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The two-story house, located on Tilden Avenue and East 53rd Street in Brooklyn, New York, was the former home to Major League Baseball player Jackie Robinson. Robinson lived in this house from 1947 to 1949. That might not seem like a long time, but while he lived there, he was making history himself. Robinson inspired people all around the world during the Civil Rights Movement. He was the first African-American to win Most Valuable Player and Rookie of the Year. Thanks to his success, Jackie Robinson broke many barriers during his time with the Brooklyn Dodgers. His former Brooklyn home was declared a National Historical Landmark in 1976.


  • Historical landmark: Jackie Robinson's former Brooklyn home
Picture courtesy of: en.wikipedia.org
  • Picture of Jackie Robinson and his former Brooklyn home
courtesy of nypost.com

Jackie Roosevelt Robinson was born in Cairo, Georgia in 1919. Robinson grew up in relative poverty and was excluded from certain recreational activities because of racism and segregation. Robinson fought many battles growing up - battles that continued throughout high school. Robinson was a gifted athlete in anything he attempted to play.  After high school, he went to Pasadena Junior College where he tried his hand in basketball, football, and track. Robinson then went on to UCLA after graduating from junior college. In 1939, he was one of only four black players on the UCLA Bruins' football team. In 1940, Robinson won the NCAA Track and Field Championship in long jump. It's hard to believe that during that time baseball wasn't Robinson's best sport. 

In 1942, Jackie Robinson was drafted into World War II. After returning from the war, Robinson was offered a chance to play professional baseball in the Negro Leagues. It wasn't until the mid 40's that Branch Rickey, general manager of the Brooklyn Dodgers, developed an interest in Robinson's character and athletic ability. On April 15, 1947, Robinson made his first appearance as a Major League Baseball player on Ebbets Field before a crowd of 26,623. In 1956, Robinson had 61 runs, a .275 batting average, and 12 stolen bases (biography.com).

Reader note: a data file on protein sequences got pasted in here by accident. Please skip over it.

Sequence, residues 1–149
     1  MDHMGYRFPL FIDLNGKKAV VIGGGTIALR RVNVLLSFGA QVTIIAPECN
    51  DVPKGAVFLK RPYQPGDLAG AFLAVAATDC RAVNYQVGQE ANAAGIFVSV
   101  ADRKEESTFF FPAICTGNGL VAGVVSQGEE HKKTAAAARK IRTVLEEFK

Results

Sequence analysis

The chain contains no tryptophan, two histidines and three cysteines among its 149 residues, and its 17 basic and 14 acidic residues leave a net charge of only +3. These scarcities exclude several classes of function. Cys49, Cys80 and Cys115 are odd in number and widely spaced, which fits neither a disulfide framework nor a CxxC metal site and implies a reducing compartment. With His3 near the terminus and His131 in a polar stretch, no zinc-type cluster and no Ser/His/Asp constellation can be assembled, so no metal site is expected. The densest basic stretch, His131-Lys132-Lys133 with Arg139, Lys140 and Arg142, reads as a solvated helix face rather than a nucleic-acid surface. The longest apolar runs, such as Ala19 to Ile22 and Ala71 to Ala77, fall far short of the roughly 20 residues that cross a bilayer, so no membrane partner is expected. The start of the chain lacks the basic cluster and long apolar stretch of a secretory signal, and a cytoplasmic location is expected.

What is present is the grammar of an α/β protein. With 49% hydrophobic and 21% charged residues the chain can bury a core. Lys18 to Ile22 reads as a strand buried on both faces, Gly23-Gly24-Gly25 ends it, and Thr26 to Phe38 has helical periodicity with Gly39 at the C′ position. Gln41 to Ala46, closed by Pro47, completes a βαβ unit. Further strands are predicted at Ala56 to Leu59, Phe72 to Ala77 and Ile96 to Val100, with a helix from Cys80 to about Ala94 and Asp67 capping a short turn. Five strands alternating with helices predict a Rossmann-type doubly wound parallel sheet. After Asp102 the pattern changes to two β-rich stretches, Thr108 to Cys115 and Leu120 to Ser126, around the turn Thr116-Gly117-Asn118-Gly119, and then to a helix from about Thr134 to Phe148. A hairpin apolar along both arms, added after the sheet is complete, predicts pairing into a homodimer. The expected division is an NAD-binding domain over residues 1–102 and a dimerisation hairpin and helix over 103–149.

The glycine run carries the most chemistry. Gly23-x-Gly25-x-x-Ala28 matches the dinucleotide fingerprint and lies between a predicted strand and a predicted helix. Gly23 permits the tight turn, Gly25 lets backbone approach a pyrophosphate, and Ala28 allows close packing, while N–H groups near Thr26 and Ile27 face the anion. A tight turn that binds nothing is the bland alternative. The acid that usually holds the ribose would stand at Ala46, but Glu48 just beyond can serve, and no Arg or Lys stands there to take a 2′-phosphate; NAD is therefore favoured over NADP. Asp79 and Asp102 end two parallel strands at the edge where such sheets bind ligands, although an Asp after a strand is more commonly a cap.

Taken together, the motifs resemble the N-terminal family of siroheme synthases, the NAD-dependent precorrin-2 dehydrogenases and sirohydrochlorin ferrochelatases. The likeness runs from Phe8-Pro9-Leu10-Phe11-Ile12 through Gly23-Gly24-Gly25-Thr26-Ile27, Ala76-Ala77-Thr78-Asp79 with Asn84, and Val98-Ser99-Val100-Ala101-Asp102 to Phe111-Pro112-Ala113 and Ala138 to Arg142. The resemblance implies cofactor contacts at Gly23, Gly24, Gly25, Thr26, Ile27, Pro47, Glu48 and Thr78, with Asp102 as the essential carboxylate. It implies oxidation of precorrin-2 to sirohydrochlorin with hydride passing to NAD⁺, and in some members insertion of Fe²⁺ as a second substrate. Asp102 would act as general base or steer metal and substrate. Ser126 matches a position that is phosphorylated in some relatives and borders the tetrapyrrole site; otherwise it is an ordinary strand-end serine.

Jackie Robinson was well-accomplished by the end of his life. Aside from his incredible stats as a Major League Baseball player, he was also responsible for breaking the color barrier in the sport. He overcame all the harassment and struggles and showed African Americans that they could push forward in the sports world - that nothing was impossible. Along the way, Jackie Robinson married Rachel Islum, and together, they had three children. Jackie Robinson died in 1972 due to heart and diabetes complications (jackierobinson.com).

Thanks to Robinson, the address of 5224 Tilden Avenue, Brooklyn, New York will always be part of history. At the house, there is a sign that reads, "The first African-American major league baseball player lived here from 1947 to 1949". 

"Biography." Jackie Robinson. Accessed Web 6/15/17. http://jackierobinson.com/biography/.

Kenyon, Sandy. "Jackie Robinson's Home in Brooklyn." abc7. 4/11/13. Accessed Web, 6/15/17. http://cdn.abclocal.go.com/wabc/story?section=news/sports&id=9061732.

"Jackie Robinson." Biography. Accessed Web, 6/15/17. https://www.biography.com/people/jackie-robinson-9460813.